MISSISSAUGA, ONTARIO — Automakers anxious to focus on their core car production have trimmed more than employee numbers or parts units. They've stripped themselves of materials experts.
For plastics processors anxious to become a bigger link in the automotive supply chain, that means they no longer may have supporters in design and manufacturing centers.
Any company looking to move ahead had better be prepared to educate its customers in addition to seeking out sales, Alan Power, president and chief executive officer of Decoma International Inc., said May 2 during a keynote address at Plast-Ex 2001 in Mississauga.
"We need customer champions," he said.
"[Automakers] don't want to try new things very often, and we have a real lack of people in there who really understand plastics."
Exterior specialist Decoma of Concord, Ontario, is counting on future growth in automotive by replacing existing metal panels and parts. That means fighting a material status quo, a battle suppliers must be prepared to fund and research on their own.
"If you don't do it, you're eventually going to be out of business," Power said.
Automakers are looking to suppliers to bring them innovations — better materials, processes and programs, he said. Companies willing to invest in research to bring the latest technology to the table will survive because they can charge more for a unique system.
But those new programs have to be ready whenever an opportunity pops up. Automakers pushing to speed up the design process already have dropped the preparation period from five years to about two years.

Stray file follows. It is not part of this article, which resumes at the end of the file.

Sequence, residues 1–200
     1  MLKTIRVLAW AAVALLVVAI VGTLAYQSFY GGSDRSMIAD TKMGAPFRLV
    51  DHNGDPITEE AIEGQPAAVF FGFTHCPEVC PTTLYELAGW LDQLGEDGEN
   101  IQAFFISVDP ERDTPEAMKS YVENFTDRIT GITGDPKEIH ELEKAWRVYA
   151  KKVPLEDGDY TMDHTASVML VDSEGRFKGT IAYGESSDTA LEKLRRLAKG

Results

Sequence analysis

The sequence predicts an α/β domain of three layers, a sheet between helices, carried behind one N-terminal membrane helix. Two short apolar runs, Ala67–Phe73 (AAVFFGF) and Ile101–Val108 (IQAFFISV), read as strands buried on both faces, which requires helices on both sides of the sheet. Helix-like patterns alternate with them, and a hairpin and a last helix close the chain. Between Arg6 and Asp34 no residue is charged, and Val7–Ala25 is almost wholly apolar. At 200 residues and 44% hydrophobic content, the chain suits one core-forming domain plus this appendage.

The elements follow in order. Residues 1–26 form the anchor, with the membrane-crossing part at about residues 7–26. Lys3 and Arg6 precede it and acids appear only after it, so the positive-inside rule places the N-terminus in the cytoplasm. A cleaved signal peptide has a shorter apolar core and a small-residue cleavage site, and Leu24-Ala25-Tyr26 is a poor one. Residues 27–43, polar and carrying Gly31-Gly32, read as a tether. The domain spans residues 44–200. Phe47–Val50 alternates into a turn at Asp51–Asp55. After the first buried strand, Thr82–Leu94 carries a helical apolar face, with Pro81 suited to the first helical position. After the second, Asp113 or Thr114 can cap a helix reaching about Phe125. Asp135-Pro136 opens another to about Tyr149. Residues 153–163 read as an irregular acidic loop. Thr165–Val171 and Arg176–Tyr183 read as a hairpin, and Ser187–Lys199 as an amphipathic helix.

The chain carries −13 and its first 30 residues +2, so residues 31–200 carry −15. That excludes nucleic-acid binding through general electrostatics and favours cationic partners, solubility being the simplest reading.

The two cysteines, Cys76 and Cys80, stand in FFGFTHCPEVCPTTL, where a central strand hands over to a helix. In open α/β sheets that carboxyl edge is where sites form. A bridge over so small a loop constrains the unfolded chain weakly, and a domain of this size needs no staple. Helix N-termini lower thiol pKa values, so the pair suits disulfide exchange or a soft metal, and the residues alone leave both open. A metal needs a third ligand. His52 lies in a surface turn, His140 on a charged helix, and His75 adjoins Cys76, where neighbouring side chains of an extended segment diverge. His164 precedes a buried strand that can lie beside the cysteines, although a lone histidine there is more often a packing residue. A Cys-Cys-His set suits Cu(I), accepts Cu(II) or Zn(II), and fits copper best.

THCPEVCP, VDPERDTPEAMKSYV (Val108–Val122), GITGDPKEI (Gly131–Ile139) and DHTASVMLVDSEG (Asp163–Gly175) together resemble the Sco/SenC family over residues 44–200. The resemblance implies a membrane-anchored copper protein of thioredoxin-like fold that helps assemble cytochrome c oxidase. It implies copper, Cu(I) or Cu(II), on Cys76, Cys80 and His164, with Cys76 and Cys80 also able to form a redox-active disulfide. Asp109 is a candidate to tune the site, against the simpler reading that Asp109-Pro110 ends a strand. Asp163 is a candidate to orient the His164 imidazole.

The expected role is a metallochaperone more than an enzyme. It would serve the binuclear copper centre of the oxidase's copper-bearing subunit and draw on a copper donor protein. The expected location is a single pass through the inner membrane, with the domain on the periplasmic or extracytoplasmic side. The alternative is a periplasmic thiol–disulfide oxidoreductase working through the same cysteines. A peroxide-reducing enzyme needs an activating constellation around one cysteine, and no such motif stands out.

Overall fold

There is no time to launch a full study after a new vehicle program already is in the pipeline.
"You have to have something on a bookshelf, ready to go," Power said. "You have to be able to prove your program is going to work right from the start."
Market pressures to produce lighter cars and a greater variety of styling options are leaving the door open for more plastics content on vehicles, he noted.
Even if federal regulators do not demand better fuel economy, consumers faced with soaring gasoline prices will. That translates to lighter cars and a greater potential for plastic to replace heavier steel components.
At the same time, consumers are looking for a greater range of style options within existing vehicles. Carmakers have responded by producing a mixture of cars from the same base frame.
Ford Motor Co., for example, used to make 900,000 F-150 pickup trucks in just three body styles, Power noted. Now there are more than 20 body options. To provide that range of styles, the company is more likely to turn to plastics, since it is cheaper to produce a composite panel than a steel one for low-volume production.
But if molders and resin suppliers do not invest now and prepare products for future vehicle launches, they could miss out, Power said. That will give metal the inside track.
"If another material is chosen, we lose the opportunity to replace them, and we're going to be on the outside," he said. "The companies that continually innovate survive."